We modelled emergence and spread of the Omicron variant of SARS-CoV-2 in Australia between December 2021 and June 2022. This pandemic stage exhibited a diverse epidemiological profile with emergence of co-circulating sub-lineages of Omicron, further complicated by differences in social distancing behaviour which varied over time. Our study delineated distinct phases of the Omicron-associated pandemic stage, and retrospectively quantified the adoption of social distancing measures, fluctuating over different time periods in response to the observable incidence dynamics. We also modelled the corresponding disease burden, in terms of hospitalisations, intensive care unit occupancy, and mortality. Supported by good agreement between simulated and actual health data, our study revealed that the nonlinear dynamics observed in the daily incidence and disease burden were determined not only by introduction of sub-lineages of Omicron, but also by the fluctuating adoption of social distancing measures. Our high-resolution model can be used in design and evaluation of public health interventions during future crises.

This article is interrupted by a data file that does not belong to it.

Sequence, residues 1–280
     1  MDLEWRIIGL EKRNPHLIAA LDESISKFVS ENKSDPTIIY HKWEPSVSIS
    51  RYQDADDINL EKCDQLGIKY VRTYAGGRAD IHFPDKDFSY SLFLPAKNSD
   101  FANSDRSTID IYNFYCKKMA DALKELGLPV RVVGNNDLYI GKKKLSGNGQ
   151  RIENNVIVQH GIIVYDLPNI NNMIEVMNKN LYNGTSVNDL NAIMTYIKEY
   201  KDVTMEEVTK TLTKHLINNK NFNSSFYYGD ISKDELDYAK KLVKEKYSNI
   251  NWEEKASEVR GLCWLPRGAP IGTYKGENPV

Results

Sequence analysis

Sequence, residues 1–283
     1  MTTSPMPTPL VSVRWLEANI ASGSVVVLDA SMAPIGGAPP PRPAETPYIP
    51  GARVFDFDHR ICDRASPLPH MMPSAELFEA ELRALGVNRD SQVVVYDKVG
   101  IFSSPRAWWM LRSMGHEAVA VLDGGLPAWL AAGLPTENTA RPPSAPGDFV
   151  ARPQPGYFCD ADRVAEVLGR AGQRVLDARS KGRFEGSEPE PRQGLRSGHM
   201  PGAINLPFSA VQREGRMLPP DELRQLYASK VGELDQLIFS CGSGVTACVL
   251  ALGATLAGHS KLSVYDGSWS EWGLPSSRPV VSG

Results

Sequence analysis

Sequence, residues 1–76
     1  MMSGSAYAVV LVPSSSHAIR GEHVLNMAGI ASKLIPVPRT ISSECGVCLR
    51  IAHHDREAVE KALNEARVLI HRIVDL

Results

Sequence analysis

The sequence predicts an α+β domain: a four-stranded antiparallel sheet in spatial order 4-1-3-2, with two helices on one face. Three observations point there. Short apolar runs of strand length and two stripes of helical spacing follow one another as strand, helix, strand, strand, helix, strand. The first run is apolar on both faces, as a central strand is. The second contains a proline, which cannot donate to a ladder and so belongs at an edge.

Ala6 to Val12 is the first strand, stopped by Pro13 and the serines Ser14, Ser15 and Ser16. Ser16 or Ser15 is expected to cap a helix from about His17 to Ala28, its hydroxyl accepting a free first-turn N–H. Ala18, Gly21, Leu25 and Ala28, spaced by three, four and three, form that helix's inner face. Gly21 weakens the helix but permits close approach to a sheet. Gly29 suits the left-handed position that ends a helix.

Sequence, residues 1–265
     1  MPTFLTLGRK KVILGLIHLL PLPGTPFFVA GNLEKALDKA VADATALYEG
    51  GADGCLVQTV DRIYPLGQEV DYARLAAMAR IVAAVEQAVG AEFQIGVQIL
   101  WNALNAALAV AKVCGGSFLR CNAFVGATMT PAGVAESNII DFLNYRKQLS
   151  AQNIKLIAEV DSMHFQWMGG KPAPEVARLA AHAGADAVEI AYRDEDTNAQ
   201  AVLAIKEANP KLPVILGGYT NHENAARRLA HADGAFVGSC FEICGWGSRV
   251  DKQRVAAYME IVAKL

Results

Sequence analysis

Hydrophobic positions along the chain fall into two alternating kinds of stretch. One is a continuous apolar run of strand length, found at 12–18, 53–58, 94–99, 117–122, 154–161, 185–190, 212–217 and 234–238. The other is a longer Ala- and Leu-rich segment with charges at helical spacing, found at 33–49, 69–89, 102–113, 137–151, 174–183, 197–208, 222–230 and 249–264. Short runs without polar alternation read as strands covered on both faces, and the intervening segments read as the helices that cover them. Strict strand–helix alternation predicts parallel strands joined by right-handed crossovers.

Copyright: © 2023 Chang et al. This is an open access article distributed under the terms of the Creative Commons Attribution License, which permits unrestricted use, distribution, and reproduction in any medium, provided the original author and source are credited.